After pulling the plug on unlimited data (having suggested that customers don’t need more than 5GB per month), Verizon Wireless now appears to have capitulated to competitive pressure from fellow mobile carriers and has resurrected an unlimited everything plan.
The official reason: Verizon’s “fundamental” desire for customers to have more choices, plus network upgrades that now “can manage all the activity customers undertake,” explained division president Ronan Dunne.
This time, the cost is $80 a month for one line or $45 per line for four under a family plan, taxes and fees excluded.
By comparison, T-Mobile, which led the way in ending data overage fees, charges $70 for one line and $40 per line for four, with taxes and fees now included.
Still, both companies have catches: Verizon warns that it could begin throttling heavy data users after 22GB of consumption within a month (28GB for T-Mo), while the crimson carrier regularly down-converts video streams to 480p.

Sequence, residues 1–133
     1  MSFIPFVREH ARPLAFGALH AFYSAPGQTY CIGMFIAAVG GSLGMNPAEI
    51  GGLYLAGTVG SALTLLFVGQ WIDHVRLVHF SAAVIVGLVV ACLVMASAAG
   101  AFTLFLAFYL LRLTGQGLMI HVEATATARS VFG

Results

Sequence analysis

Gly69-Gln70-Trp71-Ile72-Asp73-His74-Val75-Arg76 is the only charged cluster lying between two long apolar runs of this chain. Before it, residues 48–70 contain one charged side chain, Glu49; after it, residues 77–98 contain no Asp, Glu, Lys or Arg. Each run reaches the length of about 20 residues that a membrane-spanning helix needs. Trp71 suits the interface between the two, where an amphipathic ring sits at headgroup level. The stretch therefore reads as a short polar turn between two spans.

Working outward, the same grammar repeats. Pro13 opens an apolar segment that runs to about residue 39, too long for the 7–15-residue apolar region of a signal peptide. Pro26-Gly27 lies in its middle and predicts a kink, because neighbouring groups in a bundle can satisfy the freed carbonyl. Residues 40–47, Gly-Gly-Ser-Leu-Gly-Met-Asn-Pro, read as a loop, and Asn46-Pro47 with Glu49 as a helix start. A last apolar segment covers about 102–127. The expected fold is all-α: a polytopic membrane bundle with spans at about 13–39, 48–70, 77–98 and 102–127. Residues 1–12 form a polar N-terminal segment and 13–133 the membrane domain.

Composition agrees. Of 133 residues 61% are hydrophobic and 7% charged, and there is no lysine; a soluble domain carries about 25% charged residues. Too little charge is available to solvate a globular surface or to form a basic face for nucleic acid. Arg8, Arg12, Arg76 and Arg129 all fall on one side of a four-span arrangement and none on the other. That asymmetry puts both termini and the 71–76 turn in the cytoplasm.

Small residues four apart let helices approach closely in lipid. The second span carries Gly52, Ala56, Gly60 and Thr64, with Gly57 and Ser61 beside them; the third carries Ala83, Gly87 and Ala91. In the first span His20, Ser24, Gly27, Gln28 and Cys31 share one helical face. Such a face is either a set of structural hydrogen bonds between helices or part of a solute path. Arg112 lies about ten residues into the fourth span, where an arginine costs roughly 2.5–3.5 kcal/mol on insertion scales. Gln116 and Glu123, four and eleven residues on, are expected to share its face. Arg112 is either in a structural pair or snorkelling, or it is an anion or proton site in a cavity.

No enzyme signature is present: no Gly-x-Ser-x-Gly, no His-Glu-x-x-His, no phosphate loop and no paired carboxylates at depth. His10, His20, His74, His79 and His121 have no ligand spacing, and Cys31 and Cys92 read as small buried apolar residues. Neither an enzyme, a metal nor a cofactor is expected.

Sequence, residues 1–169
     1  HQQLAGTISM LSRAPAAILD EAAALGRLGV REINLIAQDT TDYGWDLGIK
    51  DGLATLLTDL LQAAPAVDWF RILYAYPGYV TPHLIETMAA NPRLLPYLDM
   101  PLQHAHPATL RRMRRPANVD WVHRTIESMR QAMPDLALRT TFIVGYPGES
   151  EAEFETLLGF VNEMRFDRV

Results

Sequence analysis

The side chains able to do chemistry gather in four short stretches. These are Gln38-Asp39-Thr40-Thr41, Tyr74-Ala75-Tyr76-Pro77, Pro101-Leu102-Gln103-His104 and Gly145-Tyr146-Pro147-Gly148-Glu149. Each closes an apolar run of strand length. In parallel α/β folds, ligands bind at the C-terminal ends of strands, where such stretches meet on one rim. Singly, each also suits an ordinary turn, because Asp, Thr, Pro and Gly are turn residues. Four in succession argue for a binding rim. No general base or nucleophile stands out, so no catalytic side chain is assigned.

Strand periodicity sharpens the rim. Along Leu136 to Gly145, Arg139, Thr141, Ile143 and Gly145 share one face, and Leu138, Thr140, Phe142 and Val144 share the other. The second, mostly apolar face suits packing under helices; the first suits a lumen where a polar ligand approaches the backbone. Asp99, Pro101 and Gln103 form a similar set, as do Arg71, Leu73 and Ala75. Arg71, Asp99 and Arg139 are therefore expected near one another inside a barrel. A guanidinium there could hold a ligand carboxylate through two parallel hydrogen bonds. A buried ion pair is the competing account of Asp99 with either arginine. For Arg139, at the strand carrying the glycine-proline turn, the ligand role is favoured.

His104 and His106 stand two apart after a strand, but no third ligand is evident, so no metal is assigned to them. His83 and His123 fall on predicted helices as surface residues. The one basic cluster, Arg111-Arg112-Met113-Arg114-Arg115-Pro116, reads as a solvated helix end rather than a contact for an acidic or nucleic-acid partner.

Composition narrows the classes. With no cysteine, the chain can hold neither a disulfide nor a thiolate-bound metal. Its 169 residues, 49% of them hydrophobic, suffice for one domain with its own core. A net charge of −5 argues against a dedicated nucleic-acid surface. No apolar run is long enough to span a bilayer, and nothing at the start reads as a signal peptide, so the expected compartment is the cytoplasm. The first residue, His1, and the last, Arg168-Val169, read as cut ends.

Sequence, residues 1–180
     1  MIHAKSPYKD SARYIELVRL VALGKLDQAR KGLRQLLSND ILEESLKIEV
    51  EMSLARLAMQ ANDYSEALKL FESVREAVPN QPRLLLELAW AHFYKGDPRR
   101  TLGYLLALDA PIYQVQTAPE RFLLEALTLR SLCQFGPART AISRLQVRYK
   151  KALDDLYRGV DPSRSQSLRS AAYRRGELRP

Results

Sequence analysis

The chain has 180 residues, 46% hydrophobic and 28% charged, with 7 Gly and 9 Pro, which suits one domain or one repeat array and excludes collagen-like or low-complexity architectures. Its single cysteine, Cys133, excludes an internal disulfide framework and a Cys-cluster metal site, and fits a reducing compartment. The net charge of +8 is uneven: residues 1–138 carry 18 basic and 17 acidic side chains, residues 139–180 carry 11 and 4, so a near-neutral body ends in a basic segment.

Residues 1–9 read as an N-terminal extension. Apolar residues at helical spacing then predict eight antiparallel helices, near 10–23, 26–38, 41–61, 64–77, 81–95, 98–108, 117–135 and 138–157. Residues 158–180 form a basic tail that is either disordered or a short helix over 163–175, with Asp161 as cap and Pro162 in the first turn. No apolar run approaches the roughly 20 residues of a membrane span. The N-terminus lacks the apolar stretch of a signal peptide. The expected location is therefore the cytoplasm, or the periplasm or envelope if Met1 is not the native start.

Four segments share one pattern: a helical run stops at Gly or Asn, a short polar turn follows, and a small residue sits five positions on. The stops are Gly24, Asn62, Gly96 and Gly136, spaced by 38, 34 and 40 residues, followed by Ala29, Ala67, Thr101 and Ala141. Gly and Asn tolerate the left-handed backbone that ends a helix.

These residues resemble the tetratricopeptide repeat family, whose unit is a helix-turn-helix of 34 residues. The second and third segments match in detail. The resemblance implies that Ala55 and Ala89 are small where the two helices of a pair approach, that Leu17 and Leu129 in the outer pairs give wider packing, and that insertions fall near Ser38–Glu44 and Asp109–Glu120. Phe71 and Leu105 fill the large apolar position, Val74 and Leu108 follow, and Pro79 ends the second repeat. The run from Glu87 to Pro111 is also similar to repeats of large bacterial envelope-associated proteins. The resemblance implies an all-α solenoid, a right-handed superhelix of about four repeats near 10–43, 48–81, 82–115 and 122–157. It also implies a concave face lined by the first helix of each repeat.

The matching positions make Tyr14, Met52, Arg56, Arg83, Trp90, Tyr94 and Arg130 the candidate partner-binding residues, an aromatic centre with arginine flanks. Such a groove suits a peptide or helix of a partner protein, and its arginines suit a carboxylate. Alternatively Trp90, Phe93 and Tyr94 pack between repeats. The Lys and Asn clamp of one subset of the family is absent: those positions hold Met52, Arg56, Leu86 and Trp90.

[Update: T-Mobile has since announced a lift of it SD streaming restrictions, and is throwing in 10GB/month of high-speed tethering, both at no extra charge, in response to Verizon's announcement, effective Feb. 17.]
No. 4 carrier Sprint also offers an unlimited data plan with 480p video, at $50 for one line and $90 for up to five lines, while AT&T’s unlimited data offering is only available to its DirecTV Now or U-verse subscribers.
Verizon’s latest data play follows last week's report from wireless service tracker OpenSignal indicating that its LTE network is now essentially tied in speed and coverage with T-Mobile’s. (T-Mobile reports its fourth-quarter results tomorrow, Feb. 14.)
, U.S. carriers rank 68th in 4G speed worldwide, behind Jordan and just ahead of Cambodia, while other countries offer high-speed data at a fraction of the cost here at home.